18 States Challenge ObamaCare U.S. Supreme Court Rejects

By a 7-2 vote, the Supreme Court justices upheld the Obamacare Law for the third time. The ruling sidestepped the question of the constitutionality of the bill by simply saying that those challenging the bill lacked the necessary legal qualifications.

The law was enacted in March 2010 and was finally passed without a single Republican voting for it. Since then, health insurance premiums have skyrocketed and many consumers have lost their coverage as a result of their inability to pay premiums.In 2016 Forbes magazine wrote, “There is ample evidence that Obamacare has caused dramatic increases in premiums.”

On Dec. 14, 2018, Judge Reed O’Connor of the Northern District of Texas ruled that the Obamacare Act was completely unconstitutional, but the ruling was stayed on appeal.

The judge said that when Congress effectively repealed the mandate forcing Americans to buy health insurance in 2017, it “sawed off the last leg of (Obamacare) standing.” “The court found that the individual mandate is essential and integral to the ‘other provisions’ of the statute.”

The case was actually two cases heard together – California v. Texas, Court File 19-840, and Texas v. California, Court File On November 10, 2020, a telephonic hearing on this matter lasted 121 minutes, exceeding the scheduled 80 minutes.

The majority opinion of the Supreme Court was written by Justice Stephen Breyer. Chief Justice John Roberts, Justices Clarence Thomas, Sonia Sotomayor, Elena Kagan, Brett Kavanaugh, and Amy Barrett were joined by Justices John Roberts and Clarence Thomas. Amy Coney Barrett also joined the group.

Justice Samuel Alito wrote a dissenting opinion and was joined by Justice Neil Gorsuch.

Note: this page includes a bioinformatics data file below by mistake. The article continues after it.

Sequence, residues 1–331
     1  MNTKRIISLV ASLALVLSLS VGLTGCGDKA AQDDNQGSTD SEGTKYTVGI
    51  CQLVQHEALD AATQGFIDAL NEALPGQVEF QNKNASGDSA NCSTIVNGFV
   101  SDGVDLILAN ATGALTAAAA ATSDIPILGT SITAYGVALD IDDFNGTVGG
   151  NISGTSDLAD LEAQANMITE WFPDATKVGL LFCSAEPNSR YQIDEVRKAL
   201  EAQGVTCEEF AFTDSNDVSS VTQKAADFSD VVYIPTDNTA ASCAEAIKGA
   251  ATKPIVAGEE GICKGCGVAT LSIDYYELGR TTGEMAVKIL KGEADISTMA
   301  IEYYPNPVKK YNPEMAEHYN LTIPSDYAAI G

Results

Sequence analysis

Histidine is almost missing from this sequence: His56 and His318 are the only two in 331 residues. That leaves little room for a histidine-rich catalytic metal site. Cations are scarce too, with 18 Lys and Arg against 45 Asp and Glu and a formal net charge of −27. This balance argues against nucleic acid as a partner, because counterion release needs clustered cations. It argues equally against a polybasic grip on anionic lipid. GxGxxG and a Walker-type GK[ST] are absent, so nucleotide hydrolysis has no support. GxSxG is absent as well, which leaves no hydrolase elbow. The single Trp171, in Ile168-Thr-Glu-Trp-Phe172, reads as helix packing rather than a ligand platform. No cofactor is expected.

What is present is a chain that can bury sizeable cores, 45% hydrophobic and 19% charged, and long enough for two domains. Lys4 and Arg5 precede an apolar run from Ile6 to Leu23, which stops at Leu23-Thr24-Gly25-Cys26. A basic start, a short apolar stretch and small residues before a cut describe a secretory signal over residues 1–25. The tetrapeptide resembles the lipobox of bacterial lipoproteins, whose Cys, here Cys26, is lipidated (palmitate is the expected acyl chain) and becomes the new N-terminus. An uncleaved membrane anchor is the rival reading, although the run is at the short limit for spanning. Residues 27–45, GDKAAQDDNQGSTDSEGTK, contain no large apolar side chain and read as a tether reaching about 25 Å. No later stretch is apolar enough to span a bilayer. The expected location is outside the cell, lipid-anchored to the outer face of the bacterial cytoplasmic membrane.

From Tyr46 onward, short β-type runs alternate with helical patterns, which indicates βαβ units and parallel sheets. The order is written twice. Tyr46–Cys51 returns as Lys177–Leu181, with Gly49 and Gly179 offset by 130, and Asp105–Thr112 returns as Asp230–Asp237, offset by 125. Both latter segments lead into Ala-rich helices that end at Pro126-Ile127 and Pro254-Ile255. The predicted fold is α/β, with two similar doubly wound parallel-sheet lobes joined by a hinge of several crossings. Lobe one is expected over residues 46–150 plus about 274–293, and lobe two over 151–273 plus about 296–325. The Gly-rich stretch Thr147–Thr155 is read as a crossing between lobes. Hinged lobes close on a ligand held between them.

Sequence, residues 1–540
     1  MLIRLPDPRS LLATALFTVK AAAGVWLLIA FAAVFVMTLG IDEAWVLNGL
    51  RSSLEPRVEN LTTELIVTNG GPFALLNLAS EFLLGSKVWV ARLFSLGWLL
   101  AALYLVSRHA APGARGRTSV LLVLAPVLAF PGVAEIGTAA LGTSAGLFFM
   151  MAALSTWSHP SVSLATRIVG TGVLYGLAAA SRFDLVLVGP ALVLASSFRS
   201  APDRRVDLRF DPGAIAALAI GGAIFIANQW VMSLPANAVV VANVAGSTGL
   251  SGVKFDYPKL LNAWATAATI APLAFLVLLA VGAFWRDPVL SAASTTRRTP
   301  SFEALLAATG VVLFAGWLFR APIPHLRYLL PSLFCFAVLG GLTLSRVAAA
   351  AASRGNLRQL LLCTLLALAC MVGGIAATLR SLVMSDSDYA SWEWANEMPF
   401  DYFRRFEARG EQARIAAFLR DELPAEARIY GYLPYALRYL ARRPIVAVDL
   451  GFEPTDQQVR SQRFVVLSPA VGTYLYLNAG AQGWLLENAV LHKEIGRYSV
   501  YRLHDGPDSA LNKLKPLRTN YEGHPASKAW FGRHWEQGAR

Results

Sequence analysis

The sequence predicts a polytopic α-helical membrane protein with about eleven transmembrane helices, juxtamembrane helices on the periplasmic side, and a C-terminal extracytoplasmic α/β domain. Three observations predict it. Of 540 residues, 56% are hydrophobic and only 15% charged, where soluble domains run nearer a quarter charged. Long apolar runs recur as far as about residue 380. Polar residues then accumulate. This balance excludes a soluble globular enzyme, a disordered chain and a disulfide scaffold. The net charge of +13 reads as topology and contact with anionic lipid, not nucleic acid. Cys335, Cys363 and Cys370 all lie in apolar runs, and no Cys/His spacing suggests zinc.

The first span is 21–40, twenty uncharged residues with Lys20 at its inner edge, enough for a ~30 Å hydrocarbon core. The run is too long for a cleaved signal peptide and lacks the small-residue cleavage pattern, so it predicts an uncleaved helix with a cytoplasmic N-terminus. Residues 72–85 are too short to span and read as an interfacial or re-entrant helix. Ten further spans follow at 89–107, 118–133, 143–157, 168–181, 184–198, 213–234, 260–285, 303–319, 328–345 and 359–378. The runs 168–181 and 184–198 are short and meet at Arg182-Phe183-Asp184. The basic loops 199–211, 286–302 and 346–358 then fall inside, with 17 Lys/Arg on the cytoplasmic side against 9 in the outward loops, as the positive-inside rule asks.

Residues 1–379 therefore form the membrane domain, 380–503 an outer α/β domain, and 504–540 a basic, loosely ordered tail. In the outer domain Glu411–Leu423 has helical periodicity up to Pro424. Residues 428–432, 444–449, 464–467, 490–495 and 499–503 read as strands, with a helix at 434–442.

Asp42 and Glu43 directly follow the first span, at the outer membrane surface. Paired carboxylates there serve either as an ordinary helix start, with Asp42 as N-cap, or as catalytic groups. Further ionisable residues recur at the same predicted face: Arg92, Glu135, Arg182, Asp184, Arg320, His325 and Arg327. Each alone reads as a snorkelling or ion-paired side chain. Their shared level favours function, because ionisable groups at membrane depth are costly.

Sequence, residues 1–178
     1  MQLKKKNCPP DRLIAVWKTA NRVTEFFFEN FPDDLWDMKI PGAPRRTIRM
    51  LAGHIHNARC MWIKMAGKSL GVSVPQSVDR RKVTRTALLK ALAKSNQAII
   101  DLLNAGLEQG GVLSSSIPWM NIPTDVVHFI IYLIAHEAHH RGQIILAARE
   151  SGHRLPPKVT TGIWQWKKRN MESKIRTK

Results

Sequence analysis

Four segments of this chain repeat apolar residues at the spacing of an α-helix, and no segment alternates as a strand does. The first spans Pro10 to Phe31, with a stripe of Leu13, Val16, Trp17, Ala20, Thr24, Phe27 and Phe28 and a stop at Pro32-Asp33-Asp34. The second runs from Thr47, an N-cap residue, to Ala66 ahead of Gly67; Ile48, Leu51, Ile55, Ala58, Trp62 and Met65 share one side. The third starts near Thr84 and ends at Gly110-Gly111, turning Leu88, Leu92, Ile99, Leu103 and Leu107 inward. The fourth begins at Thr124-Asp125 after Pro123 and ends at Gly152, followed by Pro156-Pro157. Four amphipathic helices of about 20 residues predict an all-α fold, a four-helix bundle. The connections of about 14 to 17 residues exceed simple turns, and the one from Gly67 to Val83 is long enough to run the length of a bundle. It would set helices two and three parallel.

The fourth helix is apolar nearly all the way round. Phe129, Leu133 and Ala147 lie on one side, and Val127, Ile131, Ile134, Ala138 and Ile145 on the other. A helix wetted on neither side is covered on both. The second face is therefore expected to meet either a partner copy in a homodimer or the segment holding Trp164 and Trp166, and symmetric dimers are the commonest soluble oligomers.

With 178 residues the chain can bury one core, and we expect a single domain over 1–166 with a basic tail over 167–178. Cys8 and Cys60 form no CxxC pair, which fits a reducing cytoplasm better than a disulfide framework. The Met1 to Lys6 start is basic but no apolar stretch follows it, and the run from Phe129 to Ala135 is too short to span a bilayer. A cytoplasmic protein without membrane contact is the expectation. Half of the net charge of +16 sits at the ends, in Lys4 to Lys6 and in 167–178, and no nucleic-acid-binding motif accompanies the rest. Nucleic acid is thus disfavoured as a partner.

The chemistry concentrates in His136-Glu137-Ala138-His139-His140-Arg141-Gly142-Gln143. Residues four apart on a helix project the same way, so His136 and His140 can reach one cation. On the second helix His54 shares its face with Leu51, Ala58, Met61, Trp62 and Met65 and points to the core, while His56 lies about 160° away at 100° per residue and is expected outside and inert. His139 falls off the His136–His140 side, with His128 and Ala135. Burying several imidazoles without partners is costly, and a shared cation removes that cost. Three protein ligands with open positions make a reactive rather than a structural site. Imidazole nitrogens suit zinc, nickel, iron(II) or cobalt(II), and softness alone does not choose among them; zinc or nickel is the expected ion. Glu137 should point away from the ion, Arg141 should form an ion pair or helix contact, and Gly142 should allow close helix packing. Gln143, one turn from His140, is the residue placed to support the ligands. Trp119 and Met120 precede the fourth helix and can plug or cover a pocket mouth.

Breyer wrote in the court’s decision that the Patient Protection and Affordable Care Act, better known as the Obamacare law, originally enacted in 2010, requires that most Americans receive a minimum level of basic The Obamacare law, as it is known, requires that most Americans receive a minimum level of basic health insurance.

In 2017, Congress “effectively repealed” the penalty by setting it at $0.

“Texas and 17 other states have filed lawsuits against U.S. and federal officials. Later, two individuals (Neill Hurley and John Nantz) joined the plaintiffs. The plaintiffs claim that the Act’s minimum essential coverage requirement is unconstitutional without the penalty.

“Specifically, they say that neither the Commerce Clause nor the Tax Clause (or any of the other enumerated powers) gives Congress the power to enact the provision. …… They also contend that the minimum essential coverage requirement cannot be severed from the rest of the bill. Therefore, they argue that the entire bill is invalid.

“We do not reach issues such as the correctness of the Act, but for the State of Texas and the other plaintiffs in this lawsuit, they lack the standing to sue required to raise these issues.”